Sex, Time, and Power

Sex, Time, and Power

How Women's Sexuality Shaped Human Evolution

Book - 2003
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No clear and compelling explanation currently exists for the sudden emergence of big-brained Homo sapiens 150,000 years ago. Here, Leonard Shlain proposes an original thesis that argues that profound changes in female sexuality hold the key to this mystery. According to Shlain, bipedalism, narrow pelvises, and enormous fetal heads precipitated a crisis for our species. Mothers faced a grave death threat in childbirth. To compensate, women lost estrus and its urgency to copulate, but gained veto power over sex. Drastic reconfiguration of their reproductive cycle, particularly the new feature of heavy menses, allowed women to discover the dimension of time and with it the insight that sex caused pregnancy. Men used foresight to become the planet's most dangerous predator but they suffered terror when they learned they were doomed to die. Inventing religions and afterlives to ameliorate the knowledge of death, men then learned the part they played in impregnation. The concept of paternity drove men to create patriarchal cultures designed to control women's reproductive choice. But the insights, first discovered by women, also created the conditions for two people to love each other more deeply and longer than any other animal. Throughout Sex, Time, and Power, Shlain offers carefully reasoned and certain to be controversial discussions on subjects such as menses, orgasm, masturbation, menopause, circumcision, male aggression, the evolution of language, homosexuality, and the origin of marriage. Written in a lively and accessible style, Sex, Time, and Poweris certain to generate heated debate in the media and among readers interested in human evolution and the history of sexuality.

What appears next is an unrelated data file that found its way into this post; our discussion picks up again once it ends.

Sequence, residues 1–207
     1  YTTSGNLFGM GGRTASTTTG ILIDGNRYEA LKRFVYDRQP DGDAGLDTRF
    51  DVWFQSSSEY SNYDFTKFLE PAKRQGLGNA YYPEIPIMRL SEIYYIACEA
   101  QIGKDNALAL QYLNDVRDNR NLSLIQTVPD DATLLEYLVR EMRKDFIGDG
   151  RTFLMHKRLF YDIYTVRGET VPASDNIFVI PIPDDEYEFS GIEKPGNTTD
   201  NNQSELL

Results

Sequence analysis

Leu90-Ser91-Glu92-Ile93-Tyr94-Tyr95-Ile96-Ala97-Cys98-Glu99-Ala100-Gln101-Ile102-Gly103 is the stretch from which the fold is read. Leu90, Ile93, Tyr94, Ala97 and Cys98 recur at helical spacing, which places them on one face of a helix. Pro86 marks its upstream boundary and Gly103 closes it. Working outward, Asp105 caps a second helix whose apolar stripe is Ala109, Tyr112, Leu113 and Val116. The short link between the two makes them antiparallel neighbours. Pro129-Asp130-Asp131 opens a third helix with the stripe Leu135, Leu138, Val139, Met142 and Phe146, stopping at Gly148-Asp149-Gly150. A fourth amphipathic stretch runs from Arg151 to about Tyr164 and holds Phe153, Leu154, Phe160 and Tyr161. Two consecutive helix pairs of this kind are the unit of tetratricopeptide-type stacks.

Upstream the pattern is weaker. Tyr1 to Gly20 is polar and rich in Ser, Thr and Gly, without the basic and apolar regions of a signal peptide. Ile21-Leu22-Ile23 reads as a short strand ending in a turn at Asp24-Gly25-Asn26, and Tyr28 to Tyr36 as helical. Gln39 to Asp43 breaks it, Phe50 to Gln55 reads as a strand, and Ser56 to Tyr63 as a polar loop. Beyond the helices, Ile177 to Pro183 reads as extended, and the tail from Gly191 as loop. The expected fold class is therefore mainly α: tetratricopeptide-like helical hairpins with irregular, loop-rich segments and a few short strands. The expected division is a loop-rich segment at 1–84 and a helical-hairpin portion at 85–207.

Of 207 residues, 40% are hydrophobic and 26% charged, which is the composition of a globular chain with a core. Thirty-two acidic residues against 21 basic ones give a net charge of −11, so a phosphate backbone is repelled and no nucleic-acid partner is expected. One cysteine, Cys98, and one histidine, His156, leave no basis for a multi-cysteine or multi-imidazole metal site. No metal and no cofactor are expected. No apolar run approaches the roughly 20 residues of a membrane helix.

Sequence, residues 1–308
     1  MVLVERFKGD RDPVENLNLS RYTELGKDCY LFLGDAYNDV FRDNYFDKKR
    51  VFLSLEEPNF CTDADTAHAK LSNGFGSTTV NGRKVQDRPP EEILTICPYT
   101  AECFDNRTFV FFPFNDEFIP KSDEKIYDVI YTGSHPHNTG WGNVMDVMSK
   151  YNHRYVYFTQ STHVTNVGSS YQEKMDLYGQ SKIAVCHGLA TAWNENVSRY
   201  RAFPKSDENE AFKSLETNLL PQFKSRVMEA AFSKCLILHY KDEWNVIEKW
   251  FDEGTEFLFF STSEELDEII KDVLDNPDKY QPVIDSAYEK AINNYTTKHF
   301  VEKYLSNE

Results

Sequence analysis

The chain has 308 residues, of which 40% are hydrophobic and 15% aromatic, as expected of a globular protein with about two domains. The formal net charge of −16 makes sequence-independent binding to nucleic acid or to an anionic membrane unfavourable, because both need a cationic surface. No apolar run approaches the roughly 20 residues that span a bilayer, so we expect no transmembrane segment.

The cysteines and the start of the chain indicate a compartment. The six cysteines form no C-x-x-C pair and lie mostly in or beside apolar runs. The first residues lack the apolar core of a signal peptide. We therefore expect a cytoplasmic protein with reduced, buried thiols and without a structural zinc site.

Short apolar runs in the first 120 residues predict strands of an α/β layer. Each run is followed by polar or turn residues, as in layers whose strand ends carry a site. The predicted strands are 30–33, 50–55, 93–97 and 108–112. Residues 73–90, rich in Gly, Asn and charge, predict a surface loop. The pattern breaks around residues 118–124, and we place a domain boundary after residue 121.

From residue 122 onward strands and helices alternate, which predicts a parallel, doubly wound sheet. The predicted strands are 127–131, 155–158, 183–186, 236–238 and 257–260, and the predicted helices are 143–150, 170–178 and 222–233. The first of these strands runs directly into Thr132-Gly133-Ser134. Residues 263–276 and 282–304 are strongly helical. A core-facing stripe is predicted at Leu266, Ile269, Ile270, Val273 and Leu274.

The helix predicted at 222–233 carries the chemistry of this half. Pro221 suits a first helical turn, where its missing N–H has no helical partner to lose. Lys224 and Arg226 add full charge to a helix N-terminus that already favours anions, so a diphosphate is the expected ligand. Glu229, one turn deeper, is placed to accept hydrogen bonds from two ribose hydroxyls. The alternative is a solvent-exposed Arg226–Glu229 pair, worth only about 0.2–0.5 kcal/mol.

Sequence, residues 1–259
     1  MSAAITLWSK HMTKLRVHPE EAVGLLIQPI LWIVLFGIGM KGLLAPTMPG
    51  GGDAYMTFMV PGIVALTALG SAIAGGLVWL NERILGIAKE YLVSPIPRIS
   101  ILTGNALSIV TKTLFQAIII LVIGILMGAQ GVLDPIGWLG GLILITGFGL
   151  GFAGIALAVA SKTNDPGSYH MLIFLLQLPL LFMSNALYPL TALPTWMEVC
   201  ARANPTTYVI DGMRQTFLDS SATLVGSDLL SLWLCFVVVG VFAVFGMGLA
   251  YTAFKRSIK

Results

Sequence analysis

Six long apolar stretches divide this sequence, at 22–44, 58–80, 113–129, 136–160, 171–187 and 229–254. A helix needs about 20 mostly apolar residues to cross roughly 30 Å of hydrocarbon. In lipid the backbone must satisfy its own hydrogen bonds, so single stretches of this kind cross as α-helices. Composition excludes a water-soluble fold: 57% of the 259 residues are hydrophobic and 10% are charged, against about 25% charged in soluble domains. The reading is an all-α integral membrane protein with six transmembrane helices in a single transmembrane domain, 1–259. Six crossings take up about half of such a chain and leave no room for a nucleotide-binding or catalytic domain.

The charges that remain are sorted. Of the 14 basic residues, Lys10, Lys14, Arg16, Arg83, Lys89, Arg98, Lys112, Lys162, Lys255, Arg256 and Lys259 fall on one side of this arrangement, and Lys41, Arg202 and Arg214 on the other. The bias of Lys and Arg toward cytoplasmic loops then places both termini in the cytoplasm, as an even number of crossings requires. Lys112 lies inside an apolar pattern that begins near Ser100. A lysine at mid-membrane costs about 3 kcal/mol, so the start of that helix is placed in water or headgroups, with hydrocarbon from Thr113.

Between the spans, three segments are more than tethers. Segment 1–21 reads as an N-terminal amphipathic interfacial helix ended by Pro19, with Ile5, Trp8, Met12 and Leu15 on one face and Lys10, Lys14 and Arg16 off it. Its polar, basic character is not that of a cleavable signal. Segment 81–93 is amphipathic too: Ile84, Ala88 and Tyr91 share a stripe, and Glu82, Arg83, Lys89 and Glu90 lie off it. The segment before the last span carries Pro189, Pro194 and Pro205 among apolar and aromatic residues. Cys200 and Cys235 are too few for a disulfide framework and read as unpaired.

Publisher: New York : Viking Penguin, 2003
ISBN: 9780670032334
Branch Call Number: 306.7 Shl
Characteristics: xx, 420 p. : ill


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Apr 21, 2011

The problem with Shlain’s argument is that it is not consistent with the findings of many epidemiological studies. If early “hunter-gatherer” Homo sapiens relied on meat as their main source of iron, the bodies of modern humans would be well-adapted to meat-eating. A number of studies – such as those by Dr. Colin Campbell, Dr. Dean Ornish, and Dr. Joel Fuhrman, among others – have demonstrated that humans live longer, healthier lives on average if they do not eat meat. Heme iron is found in meat, but non-heme iron is found in plants, and is well-absorbed by the human body if it is needed. Heme iron, on the other hand, is always absorbed by the human body, whether or not it is needed, which can cause severe problems for those afflicted with hemochromatosis, Canada’s most common genetic disorder. Shlain’s book may be some consolation to those wishing to explain the existence of both omnivorousness and patriarchy, but it is heavily reliant on mythology about “hunter-gatherers” that is purely speculative. Since doctors are not required to obtain training in nutrition, it is not surprising that a doctor would write a book of this nature.

John W Toole Apr 21, 2011

One of the most fascinating books I've ever read, on the subject of "what it means to be human."

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